THE EXPERT PANEL FINDINGS
The third Copenhagen Consensus was a year-long project involving more than 65 researchers tasked with setting priorities among a series of proposals to confront ten great global challenges. A panel of economic experts, comprising some of the world’s most distinguished economists, was invited to consider these issues.
The ten Assessment Papers, commissioned from acknowledged authorities in each area of policy, included nearly 40 proposals for the panel’s consideration. During the conference the panel examined these proposals in detail. Each Assessment Paper was discussed at length with its principal author, and the experts met in private session in Copenhagen. Based on the costs and benefits of the solutions, the panel ranked the proposals in descending order of desirability.
Fighting malnourishment should be the top priority for policy-makers and philanthropists
The Expert Panel was presented with nearly 40 investment proposals designed by experts to reduce the challenges of Armed Conflict, Biodiversity Destruction, Chronic Disease, Climate Change, Education Shortages, Hunger and Malnutrition, Infectious Disease, Natural Disasters, Population Growth, and Water and Sanitation Shortages. They found that fighting malnourishment should be the top priority for policy-makers and philanthropists.
Given the budget constraints, they found 16 investments worthy of investment (in descending order of desirability):
A complete overview of Copenhagen Consensus 2012's outcomes, as well as the official press release can be downloaded below.
The Expert Panel recommendations were released on 14 May, 2012
Nobel Laureate Finn Kydland's recommendations
Research & Development
Research and development to enhance agricultural output has the beauty of helping with three of humanity's challenges. It will reduce hunger by lowering food prices. It will preserve biodiversity. And it will keep carbon locked up in forests, aiding the fight against climate change.
We know more now than we have in the past about how to respond to population pressures and help nations to grow sustainably. If we can meet the need for family planning that exists in some low-income countries, we can create some benefits, including a reduction in infant and maternal mortality. It will also help with other challenges, including climate change and stimulate economic growth.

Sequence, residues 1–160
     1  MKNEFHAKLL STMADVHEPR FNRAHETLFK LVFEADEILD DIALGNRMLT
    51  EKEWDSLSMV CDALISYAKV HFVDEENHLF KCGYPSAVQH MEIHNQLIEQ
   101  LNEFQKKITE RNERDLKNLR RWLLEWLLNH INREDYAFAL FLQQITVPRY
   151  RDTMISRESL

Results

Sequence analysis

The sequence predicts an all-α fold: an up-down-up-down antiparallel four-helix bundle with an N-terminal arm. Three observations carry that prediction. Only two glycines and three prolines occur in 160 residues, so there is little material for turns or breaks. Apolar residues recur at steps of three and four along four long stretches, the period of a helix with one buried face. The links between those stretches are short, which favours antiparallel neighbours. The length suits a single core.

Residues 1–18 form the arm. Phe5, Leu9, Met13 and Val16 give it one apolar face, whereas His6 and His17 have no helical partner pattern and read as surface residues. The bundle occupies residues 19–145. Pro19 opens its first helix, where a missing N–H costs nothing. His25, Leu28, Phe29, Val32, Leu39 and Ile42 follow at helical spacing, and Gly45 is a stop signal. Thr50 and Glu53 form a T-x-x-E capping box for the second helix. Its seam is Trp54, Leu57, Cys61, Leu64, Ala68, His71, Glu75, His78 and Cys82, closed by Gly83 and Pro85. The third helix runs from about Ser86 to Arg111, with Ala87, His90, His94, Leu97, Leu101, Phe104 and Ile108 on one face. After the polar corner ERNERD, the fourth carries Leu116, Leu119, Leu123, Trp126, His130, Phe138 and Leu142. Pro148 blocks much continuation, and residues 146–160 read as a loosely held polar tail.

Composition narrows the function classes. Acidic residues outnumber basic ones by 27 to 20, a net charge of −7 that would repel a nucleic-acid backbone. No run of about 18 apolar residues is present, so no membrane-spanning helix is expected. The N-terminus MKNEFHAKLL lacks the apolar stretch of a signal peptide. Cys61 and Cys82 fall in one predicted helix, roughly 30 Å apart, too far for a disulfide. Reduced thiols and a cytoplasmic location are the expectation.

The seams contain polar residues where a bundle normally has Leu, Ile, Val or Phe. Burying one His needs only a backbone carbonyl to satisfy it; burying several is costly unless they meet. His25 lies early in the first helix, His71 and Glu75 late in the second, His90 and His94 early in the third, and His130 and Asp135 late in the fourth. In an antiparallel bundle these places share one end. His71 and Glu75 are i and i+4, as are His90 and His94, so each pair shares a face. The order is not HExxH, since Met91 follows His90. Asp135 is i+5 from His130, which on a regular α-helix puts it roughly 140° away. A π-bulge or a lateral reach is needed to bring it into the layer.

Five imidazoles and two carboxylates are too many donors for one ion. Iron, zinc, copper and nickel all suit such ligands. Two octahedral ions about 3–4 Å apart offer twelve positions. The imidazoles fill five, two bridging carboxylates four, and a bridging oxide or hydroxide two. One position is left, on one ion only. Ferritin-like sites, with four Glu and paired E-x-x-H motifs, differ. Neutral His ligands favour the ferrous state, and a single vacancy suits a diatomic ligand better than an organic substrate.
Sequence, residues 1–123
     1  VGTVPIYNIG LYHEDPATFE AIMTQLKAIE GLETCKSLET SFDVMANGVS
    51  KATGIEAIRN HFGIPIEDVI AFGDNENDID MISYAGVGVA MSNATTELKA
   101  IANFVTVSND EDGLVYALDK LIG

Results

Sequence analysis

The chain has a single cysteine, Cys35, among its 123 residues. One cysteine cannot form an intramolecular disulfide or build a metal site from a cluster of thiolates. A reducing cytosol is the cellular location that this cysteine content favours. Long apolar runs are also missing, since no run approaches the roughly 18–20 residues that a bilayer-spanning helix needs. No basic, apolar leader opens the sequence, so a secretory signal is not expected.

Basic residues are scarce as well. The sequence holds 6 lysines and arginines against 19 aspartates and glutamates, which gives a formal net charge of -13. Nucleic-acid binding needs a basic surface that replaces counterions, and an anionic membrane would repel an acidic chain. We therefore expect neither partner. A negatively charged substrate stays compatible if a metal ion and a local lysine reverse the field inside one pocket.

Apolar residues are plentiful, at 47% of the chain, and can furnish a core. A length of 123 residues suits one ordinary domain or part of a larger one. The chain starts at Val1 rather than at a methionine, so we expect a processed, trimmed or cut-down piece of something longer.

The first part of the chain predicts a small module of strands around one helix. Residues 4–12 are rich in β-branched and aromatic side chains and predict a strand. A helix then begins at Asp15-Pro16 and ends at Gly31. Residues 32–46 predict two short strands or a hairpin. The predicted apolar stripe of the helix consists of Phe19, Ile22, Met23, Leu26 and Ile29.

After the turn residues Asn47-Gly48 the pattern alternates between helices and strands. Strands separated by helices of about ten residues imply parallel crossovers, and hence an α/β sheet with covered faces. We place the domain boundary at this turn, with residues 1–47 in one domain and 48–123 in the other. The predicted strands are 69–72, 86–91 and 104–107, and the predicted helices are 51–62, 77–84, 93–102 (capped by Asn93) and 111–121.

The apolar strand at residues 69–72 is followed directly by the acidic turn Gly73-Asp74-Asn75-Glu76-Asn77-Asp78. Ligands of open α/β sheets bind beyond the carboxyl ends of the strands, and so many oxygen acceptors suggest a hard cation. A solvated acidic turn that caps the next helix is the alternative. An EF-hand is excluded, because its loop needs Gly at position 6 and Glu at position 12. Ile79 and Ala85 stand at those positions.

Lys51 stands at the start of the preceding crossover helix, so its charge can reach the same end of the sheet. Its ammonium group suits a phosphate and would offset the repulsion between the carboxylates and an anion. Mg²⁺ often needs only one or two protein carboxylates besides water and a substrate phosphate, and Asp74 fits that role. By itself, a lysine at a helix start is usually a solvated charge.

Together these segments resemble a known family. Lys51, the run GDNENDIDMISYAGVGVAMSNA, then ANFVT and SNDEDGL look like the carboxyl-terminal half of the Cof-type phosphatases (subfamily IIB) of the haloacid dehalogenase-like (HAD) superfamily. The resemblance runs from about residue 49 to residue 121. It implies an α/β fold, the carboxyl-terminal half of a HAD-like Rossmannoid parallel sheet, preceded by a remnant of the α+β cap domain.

Nobel Laureate Thomas Schelling's recommendations
Remarkable progress has been made in education. Not long ago, we were mainly concerned with getting children into school. Today, with almost 90% of children in school, we can direct our attention to increasing the quality of schooling.
The investments to combat infectious disease are very cheap and effective, even using conservative assumptions. Policy-makers can achieve a great amount in this area.
Nobel Laureate Vernon Smith's recommendations
Hunger & Malnutrition
As in 2008, one of the most compelling investments is to get nutrients to the world's undernourished. The benefits from doing so - in terms of increased health, schooling, and productivity - are tremendous.
Exapanding immunization coverage for children is a very cost-effective intervention that has the potential to save thousands of children's lives.
Panel Member Nancy Stokey's recommendations
There are still about 925 million hungry people in the world, and nearly 180 million preschool-age children do not get vital nutrients. A small investment in changing behaviors, delivering micronutrients, and fighting words and diarrheal disease can make a very big difference.
Malaria Combination Treatment:
Helping make malaria combination treatment more affordable for poor countries is an effective and proven solution. I urge policy-makers to prioritize making malaria combination treatment affordable, especially given that resistance is increasing.
Nobel Laureate Robert Mundell's recommendations
There are compelling reasons for more attention to be devoted to resolving the challenge of malnutrition. This is an area where we have cheap and effective ways to make sustainable changes that can transform lives.
Deworming continues to be an overlooked intervention that is deserving of greater attention and resources. This simple and cheap investment can mean a child is healthier and spends more time in school.